I went to the dentist last week for my bi-annual check up. In between lectures about flossing and crown replacement, they took some xrays. One was a panoramic, camera-circles-your-head-for-30-seconds kind of xray, nothing out of the ordinary. Until...later on, the dentist was going over the xray with me, pointing out the fractured post of an old root canal (yikes), and she asked what was up with the "flowery tattoo thing" on the scan up above my sinuses. Check it out (and don't judge me for having so many fillings. I like candy.)! It must be some kind of something that was put there to hold my skull in place after my craniotomy! Unless of course it's some sort of government tracking device so the CIA can read my thoughts. And why wouldn't they? I have some pretty amazing thoughts. They mostly go like this: "mmmmmmmm salty caramel." Either way, it was a surprise to me, to say the least--that whole craniotomy period of time is a bit fuzzy--and I can't stop looking at it. It's hypnotic, but in a good way. It's sort of calming and mantra-y.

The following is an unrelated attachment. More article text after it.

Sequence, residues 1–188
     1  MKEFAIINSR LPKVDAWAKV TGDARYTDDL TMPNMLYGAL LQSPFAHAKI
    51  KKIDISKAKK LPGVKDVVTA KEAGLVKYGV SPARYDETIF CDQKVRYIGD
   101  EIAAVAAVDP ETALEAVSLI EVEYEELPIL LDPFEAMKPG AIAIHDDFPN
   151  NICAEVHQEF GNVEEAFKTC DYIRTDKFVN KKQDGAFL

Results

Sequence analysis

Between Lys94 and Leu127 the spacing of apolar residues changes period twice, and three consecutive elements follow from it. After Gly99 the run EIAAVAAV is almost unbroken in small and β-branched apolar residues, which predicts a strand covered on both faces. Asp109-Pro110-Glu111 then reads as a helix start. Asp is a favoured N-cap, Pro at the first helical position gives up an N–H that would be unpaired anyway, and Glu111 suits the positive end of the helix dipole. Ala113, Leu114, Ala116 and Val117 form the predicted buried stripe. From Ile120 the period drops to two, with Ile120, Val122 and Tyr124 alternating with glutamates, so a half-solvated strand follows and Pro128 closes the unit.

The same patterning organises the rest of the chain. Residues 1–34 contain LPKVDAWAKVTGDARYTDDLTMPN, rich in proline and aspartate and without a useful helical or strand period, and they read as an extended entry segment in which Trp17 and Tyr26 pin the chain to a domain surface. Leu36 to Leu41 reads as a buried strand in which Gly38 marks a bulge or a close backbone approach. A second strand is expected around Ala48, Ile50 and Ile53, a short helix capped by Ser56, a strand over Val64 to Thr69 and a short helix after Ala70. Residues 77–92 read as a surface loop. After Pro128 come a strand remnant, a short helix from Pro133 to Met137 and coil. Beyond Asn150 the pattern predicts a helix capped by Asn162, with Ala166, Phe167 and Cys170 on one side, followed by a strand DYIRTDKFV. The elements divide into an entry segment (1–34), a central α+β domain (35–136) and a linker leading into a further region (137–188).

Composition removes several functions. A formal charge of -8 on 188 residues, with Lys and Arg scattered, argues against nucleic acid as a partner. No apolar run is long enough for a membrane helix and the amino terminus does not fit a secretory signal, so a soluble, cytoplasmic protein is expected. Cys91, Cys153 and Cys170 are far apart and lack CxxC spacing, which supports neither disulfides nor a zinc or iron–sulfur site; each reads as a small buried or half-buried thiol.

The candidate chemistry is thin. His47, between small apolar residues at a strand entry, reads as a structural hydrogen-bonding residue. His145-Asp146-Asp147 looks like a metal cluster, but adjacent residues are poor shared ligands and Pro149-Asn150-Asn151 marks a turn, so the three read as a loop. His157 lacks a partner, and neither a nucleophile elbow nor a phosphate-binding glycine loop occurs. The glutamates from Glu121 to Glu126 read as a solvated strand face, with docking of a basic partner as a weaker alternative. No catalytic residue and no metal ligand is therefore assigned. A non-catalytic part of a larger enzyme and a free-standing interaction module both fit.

Monday, December 16, 2013

Kempo Master

He's not waxing on or painting a fence yet, but he has memorized some crazy amount of positions and combinations and will be eligable to test for a yellow belt in February.

Did you hear my jaw hit the ground just then?

Kid's got skills, that does not surprise me. It's the thought of him being able to focus and pay attention long enough--TO ANYTHING--that blows me away. Our three month experiment seems to have proven successful, as far as I'm concerned. On to more classes! Hooray fir kempo!

Wednesday, December 11, 2013

Nothing much

I am pooped. I'm exhausted and emotionally running on fumes. I need to think of a good way to refresh myself, other than sleep--which, of course, is what I crave. Sleep and chocolate.